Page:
More importantly, for my purposes, there was one absolutely phenomenal vendor, at least one other terrific one and several very good ones, among the larger number of ordinary ones and a few downright bad ones (if you're going on the last day, please trust me and do not try the crab salsa!). The mix of vendors was quite interesting, with a good representation from New York and nearby states from Massachusetts to New Jersey, others from the South (one great one is from Florida and was in the far side of the room) and West and some international ones from Australia (who had a good gingery sauce) and England. My girlfriend also enjoyed the expo as a retail customer who tried most of the same sauces I tried and a few others and bought 3 sauces.

I'm still writing up my notes about the vendors, but definitely plan to use some products from some of the best ones who exhibited today.

 

At the end of the show, both of us had some beer from Lagunitas, one of the exhibitors, and a blessedly non-spicy Polish meal at a food store with tables called Polka Dot (my girlfriend also bought several items to go for her 2nd-generation Polish-American mother) and then walked down to Williamsburg to have some good hot chocolate and chamomile tea at Martha's Country Bakery. I plan to lay off the spice tomorrow, too, but it was certainly a good afternoon and a very worthwhile trip to the expo.

 

I am anxious for you to get this venture up and going. I feel pretty certain I will be a good customer.

 

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This is my go to condiment.  Straight from the squeeze bottle onto fajitas, sandwiches or into a stew pot.  Also mixed with mayo, or mixed with cherry preserves next to grilled fish and meats.   My husband likes the dulce version better for straight from the bottle uses.  

 

Image result for chipotle squeeze jacquesImage result for clemente jacques chipotle dulce

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Thanks, and it's great to have someone in this thread who lives part of the time in Mexico! I'll look into it.

 

kayb, we're eager to get this business started, too. We're still in the research and planning stage and will keep everyone abreast of our progress.

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There are some very interesting relishes, jams and sauces made here in Australia from native ingredients (we call it bush tucker).  lemon myrtle, finger lime, quandong and samphire spring to mind, and are quite prevalent in better restaurants, although often expensive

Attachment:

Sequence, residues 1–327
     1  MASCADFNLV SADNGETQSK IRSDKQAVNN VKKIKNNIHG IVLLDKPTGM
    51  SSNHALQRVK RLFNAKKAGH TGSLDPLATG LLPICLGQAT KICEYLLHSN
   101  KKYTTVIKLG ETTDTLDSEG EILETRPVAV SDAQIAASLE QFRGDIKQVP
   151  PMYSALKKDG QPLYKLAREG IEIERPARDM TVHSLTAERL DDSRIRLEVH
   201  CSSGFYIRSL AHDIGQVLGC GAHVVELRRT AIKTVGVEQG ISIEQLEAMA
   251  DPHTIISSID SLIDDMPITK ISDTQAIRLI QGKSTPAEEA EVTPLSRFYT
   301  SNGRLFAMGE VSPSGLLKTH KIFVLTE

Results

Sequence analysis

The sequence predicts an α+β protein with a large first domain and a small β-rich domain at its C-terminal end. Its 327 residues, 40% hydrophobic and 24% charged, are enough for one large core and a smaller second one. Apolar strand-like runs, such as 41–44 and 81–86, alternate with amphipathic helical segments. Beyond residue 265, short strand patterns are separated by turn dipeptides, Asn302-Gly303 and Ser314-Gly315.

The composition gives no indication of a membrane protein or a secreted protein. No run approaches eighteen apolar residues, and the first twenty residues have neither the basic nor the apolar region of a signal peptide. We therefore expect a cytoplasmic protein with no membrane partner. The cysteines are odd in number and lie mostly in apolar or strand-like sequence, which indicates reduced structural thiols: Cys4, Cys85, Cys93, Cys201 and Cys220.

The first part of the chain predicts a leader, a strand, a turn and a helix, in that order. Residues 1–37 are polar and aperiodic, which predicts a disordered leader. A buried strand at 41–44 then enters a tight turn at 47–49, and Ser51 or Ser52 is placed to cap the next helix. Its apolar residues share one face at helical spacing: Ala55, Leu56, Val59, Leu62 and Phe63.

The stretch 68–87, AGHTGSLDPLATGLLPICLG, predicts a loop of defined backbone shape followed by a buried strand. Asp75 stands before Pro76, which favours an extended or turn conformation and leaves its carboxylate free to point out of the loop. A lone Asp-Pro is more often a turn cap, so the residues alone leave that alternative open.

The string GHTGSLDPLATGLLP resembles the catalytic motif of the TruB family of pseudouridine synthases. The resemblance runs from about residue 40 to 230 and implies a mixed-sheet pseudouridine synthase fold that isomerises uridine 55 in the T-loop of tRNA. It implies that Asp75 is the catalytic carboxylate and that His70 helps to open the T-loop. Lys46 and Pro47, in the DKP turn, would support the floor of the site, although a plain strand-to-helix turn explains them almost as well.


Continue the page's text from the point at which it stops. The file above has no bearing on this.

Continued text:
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Cronker, do you have any favorite makers for these items? I'd be quite interested.

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I did some quick checking on Clemente Jacques. Clemente Jacques seems to be a pretty widely available brand, though the Chipotles Dulces are not for sale on either Walmart or Amazon, so the variety of products that are easy to obtain throughout the U.S. seems to be limited.

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18 hours ago, gulfporter said:

This is my go to condiment.  Straight from the squeeze bottle onto fajitas, sandwiches or into a stew pot.  Also mixed with mayo, or mixed with cherry preserves next to grilled fish and meats.   My husband likes the dulce version better for straight from the bottle uses.  

 

Image result for chipotle squeeze jacquesImage result for clemente jacques chipotle dulce

I'm now totally intrigued by these. Any guesses where I'd find them in the USA, at least until @Pan gets his venture up and running? I'm in small-town upstate New York, a 6-hour drive from NYC but within easy reach of online sources.

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Posted (edited)

Thanks, Cronker. Those products look very interesting. Do you have favorites from among them?


Edited by Pan (log)

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Melissa, some products from that company are available on Amazon, but not all of them.

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The bush tomato sauce and the lemon Myrtle chilli are both really good and give very interesting variations on flavours you are familiar with.